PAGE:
On mature trees, pruning is required to remove dead and dying branches to maintain tree health and safety. This type of pruning is referred to as cleaning. Research has now documented that thinning, the removal of live branches to reduce crown density, significantly reduces wind resistance and potential storm damage. Thinning should only be done on trees where the crown is “too dense.”
Crown thinning should be concentrated on the outer portions of the canopy leaving as many branches within the interior crown as possible. In some instances, the crown or individual branches require a reduction in length to improve the form and shape of the tree, eliminate interference with objects and structures, and compensate for structural weaknesses.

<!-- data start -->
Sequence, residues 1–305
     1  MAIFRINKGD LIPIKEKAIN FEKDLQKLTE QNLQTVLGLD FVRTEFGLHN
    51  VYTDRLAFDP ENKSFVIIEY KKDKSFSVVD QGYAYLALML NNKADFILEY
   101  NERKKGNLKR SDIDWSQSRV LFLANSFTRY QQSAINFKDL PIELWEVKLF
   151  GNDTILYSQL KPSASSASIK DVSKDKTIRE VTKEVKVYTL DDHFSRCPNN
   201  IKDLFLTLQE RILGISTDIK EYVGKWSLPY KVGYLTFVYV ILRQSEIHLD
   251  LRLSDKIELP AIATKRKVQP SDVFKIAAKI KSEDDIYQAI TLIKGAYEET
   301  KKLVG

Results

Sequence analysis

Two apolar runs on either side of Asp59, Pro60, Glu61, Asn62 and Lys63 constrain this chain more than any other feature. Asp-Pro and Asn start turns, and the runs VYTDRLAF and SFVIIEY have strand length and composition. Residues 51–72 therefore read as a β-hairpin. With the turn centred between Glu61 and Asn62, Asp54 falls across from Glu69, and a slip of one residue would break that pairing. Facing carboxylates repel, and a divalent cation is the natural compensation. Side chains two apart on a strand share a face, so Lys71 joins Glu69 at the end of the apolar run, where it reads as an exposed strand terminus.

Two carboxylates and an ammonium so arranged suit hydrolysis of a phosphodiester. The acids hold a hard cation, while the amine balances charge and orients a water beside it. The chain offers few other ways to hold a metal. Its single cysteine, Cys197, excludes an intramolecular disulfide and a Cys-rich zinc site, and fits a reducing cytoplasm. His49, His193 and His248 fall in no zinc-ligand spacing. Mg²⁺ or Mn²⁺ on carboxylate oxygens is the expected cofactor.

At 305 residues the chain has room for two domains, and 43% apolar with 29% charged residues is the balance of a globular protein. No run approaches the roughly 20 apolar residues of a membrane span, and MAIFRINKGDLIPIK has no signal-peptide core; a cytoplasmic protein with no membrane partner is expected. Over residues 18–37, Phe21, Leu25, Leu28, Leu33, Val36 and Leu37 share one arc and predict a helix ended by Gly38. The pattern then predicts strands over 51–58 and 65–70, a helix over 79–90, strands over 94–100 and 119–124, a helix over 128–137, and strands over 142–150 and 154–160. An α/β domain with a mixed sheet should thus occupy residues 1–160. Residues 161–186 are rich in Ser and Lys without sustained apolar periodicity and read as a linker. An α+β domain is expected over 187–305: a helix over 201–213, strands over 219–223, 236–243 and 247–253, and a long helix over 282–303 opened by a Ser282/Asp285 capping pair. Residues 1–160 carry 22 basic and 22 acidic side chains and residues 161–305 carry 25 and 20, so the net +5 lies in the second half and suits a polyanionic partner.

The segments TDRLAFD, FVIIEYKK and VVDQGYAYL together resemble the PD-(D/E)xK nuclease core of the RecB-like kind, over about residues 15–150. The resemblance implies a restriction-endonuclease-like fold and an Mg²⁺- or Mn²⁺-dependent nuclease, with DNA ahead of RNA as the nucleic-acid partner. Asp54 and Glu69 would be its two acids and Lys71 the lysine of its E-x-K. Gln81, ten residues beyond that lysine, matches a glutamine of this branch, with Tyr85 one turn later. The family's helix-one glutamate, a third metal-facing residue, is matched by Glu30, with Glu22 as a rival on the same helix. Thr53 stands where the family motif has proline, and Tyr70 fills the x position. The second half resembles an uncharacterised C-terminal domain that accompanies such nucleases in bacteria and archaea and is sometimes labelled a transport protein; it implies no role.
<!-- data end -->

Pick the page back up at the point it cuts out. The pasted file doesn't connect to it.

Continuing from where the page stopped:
Lower branches may require pruning for similar reasons. This process, known as crown raising, can also be used to increase the amount of light for grass and ground covering plants beneath the crown of a tree. We can evaluate the condition of your trees and determine the type(s) of pruning required to balance your goals and those of managing tree health and safety.
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